The magic of all fishbowl formats is the emphasis on having a large portion of the participants to shut up and listen intently. If that principle is respected, it actually creates a conversation that is incredibly serene and slow-paced (in a positive way, as in ‘slow food’, ie.: quality conversations). The other bit of magic is the opportunity it provides to get certain people to be at the central stage in a non-threatening environment (yes, you’re hearing well, it’s also useful for introverts, and much more than that). And though you might think people won’t start talking in the inner circle, they never can resist doing so.
The trap or caveat is to choose your fishbowl variation for the right purpose and with the right people. Some variations (a, c) require people with real expertise. Un-facilitated variations don’t work well if people start asking general questions (to no one in particular) rather than conversing on a topic. Variation a) can feel pretty miserable if one of the people talks too much in a smaller group where no one challenges them… so think it through and be prepared to draw lessons for the future.
Chain reaction panel and other variations to the panel format
There are various interesting variations to a real ‘panel’ discussion:
Unruly classic panel: This is a panel without moderator. I’ve never tried this format, but could imagine it might sit between a panel and a talkshow on the spectrum of formal to informal ‘plenary group talks’.
Roundtable: This is like the unruly classic but unfolds even more as an informal conversation as the roundtable set up gears people in the direction of a collegial exchange rather than a polite shoal of experts…
Debate / cross-fire: Here the idea is clearly to get people (or even groups of people) with different, or antagonistic views, to discuss a topic together. Because there is much more matter for controversy here, there is a special twist that makes this interesting, but it also puts more onus on the facilitator to do a good job at getting the group through this thinking process. One of the most famous types of such cross-fire formats is the Oxford debate. This kind of format also includes the Fishbowl battle that I blogged about in the past.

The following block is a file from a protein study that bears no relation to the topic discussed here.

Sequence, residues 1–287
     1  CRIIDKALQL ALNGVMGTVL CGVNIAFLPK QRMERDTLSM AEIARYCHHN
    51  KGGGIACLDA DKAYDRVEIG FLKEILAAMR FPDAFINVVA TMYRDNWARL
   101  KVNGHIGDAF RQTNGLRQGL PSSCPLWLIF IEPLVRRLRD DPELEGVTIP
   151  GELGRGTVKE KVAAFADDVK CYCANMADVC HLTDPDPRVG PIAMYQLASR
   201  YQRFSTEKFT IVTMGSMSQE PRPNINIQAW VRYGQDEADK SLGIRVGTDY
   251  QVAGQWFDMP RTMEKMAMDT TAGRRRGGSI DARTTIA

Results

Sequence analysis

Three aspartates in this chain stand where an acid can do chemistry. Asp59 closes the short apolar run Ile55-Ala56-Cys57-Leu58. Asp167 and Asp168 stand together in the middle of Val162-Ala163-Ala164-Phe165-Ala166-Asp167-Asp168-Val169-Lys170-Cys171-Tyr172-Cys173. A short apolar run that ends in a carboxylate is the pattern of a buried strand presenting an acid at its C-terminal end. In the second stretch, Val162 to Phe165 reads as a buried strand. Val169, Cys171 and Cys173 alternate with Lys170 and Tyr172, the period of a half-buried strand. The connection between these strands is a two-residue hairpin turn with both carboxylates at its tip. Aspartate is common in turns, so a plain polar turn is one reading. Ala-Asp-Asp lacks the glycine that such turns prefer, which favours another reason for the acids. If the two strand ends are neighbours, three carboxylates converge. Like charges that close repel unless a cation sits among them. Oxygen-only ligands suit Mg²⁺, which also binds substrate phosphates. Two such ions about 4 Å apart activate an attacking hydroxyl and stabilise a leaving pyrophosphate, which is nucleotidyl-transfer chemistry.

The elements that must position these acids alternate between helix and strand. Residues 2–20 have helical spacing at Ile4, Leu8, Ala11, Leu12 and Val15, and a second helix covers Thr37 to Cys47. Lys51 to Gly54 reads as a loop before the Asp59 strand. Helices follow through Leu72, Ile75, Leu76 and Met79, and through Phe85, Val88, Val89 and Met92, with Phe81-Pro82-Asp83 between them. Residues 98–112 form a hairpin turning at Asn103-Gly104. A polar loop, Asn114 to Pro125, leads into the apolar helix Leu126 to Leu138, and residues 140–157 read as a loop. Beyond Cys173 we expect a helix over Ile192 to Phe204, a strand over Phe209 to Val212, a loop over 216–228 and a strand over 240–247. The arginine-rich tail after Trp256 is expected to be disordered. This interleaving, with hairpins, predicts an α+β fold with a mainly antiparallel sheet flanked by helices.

Chain reaction / panel: Finally, the chain reaction panel is a format where each panelist is asking another panelist some questions, so they all play a role of interviewer and interviewee. See this format at work here.
The magic and caveats of these different riffs on the panel discussion are different for each of them. The key is to create a fresh session for what looks like an outworn format.
The What if? conversation
This plenary group conversation starts with this question ‘What if? (abcd)’ rather than with answers given by panelists. I’ve never used this format and I was first introduced to it through this post by Nancy White. But in any case it sounds like an interesting alternative that again will create a different feeling simply from the fact that the ‘panelists’ are not going to perform what you expect them to. They will be exploring, and with a bit of ‘yes and’ magic they could really do wonders! The caveat, on the other hand is that you need to have a group that is ready to go out on a limb.
What if… none of this works for you?
Ok so none of these alternatives is finding grace in your eyes? Shaken a bit too much out of your comfort zone? Fair enough! Every change journey starts with small steps. So you’re still going for a panel, but then at least pick some of the best advices about how to make panel discussion work here (whence I directly borrowed some of the formats presented in this post), here or here. Most of these posts emphasise the importance of controversy, getting the speakers to meet beforehand, and a punch facilitator/moderator that sets the tone of the panel.
Now, this is not even to mention an entirely new aspect of panel discussions and the likes: interactive engagement technology such as Slido, Mentimeter and more… AND there’s also plenty of other options in terms of how people might be presenting information. I sketched some in the presentation uploaded onto this post. And for your information miming, roleplay, theater skits etc. and other alternative storytelling modes can also be great ways to portray some important issues in a radically ‘different’ way.
So the solutions on offer are plenty…
Final pieces of advice
This one I heard only last year: if your panel involves women, always ask the first question to one of them, as they are more likely to talk later than if you start with a man. Many men tend to monopolise the conversation. As Margaret Thatcher used to say (one of the few pieces of wisdom I credit her for):
“If you want something said, ask a man; if you want something done, ask a woman.”
And of course try and avoid ‘manels’ (all male panels) or ‘womanels’ if possible at all.
At the end of the day, all the advice above doesn’t really matter until you are clear about what you are trying to achieve for each of the topics you want to brush through.
But adding an element of surprise nearly always works in your favour.
Don’t say I didn’t warn you 😉